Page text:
January 16, 2017 – Dry through Tuesday, then a series of winter storms will begin Wednesday and continue into early next week.


Amplified upper air pattern will continue dry weather across NorCal the next couple of days. Despite some high clouds spilling over the ridge, fog and stratus has redeveloped through much of the Central Valley as strong low-level inversions remain in place.

Current temperatures range from the teens and lower 20s in the colder mountain valleys to the upper 30s and lower 40s in the thermal belts along the periphery of the valley. Stratus covered portions of the Central Valley are in the upper 30s and lower 40s, while elsewhere through the valley readings are in the lower 30s.

Little change is expected today and Tuesday as dry weather continues as the ridge gradually flattens. The north end of the Sacramento Valley will continue to see mild temperatures with light northerly winds while areas from Sacramento southward will continue to fight the stratus with only a few hours of late-day sunshine expected leading to daytime highs only around 50.

Over the past 24 hours, models have settled on Wednesday for the timing of the return of wet weather to NorCal. Wet and windy conditions will return by Wednesday afternoon and continue into early Thursday as the digging upper trough interacts with another plume of deeper moisture over the eastern Pacific. Up to 12 hours of moderate precipitation can be expected with 1/2 to 1 inch of rain in the valley and 1-3 inches in the foothills and mountains.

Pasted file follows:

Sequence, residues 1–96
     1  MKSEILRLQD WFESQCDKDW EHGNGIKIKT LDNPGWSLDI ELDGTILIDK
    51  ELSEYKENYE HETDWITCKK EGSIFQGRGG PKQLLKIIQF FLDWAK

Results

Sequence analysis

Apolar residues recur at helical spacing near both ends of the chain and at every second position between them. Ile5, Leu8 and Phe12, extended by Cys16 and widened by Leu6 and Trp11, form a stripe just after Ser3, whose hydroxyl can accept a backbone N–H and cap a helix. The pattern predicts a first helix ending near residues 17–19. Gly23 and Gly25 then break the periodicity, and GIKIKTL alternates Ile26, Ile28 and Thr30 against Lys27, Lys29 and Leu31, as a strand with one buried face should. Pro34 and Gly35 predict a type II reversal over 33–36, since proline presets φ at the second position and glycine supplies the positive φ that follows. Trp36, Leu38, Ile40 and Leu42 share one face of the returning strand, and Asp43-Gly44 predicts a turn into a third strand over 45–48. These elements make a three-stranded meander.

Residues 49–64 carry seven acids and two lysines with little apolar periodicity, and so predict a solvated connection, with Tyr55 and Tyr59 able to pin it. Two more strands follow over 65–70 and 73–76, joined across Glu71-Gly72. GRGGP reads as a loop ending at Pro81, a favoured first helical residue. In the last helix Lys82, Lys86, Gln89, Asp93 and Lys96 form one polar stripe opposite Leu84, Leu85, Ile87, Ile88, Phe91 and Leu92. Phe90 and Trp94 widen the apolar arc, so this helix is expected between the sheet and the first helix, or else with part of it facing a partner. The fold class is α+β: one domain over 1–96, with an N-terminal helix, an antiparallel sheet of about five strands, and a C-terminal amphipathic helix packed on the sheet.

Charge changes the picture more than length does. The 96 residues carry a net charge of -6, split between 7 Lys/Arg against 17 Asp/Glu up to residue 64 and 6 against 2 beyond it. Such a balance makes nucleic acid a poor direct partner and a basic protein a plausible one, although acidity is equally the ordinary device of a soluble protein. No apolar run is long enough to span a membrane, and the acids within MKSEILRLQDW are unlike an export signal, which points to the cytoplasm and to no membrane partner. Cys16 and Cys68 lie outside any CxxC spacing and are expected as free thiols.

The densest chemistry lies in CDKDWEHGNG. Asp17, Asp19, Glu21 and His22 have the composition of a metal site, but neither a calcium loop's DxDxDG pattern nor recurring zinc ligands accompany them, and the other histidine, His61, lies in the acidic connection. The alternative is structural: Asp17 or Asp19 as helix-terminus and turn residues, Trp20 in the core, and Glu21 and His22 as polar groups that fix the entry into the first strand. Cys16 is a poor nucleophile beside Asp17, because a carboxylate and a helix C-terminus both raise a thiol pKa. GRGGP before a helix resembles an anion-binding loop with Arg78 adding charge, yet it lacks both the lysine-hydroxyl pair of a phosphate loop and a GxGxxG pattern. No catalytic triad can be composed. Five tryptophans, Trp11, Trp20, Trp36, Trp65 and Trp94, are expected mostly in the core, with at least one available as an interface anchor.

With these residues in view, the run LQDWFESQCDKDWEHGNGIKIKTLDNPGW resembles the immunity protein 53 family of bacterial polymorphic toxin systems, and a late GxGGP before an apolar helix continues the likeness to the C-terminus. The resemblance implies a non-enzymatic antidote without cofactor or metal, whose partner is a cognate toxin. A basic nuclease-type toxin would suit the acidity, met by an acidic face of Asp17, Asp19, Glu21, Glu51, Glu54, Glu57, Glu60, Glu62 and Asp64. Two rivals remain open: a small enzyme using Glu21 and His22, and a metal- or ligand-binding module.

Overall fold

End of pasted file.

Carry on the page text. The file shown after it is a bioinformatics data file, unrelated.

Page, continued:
Snow levels with this initial system will generally range from 5000 to 7000 feet Wednesday, then lower quickly to 3500-4500 feet by early Thursday. A foot or more of snow will be possible for the mid and upper slopes of the northern Sierra.

Showery weather expected to continue Thursday, then another wet and windy system moves into the region Thursday night with lower snow levels (3-4K ft). This will be a fast moving system with QPF forecast to be a little lighter than the Wednesday one.

Main impacts from these first two storms this week are expected to be centered around gusty winds and mountain snow. Widespread flooding is not as likely as last week as snow-levels will be moderately low and duration of QPF relatively short.

Extended discussion (Friday through Monday)

Pacific frontal system moves through late Thursday through Friday with rain and mountain snow. Models showing decent precip totals with this system along strong wind and the potential for some snow into the foothills Friday night into Saturday. Scattered showers possible Saturday, tapering off Saturday night as weak upper ridging moves through. Another wet Pacific system progged to impact the area Sunday into Monday bringing more significant rain and wind along with relatively low elevation snow.

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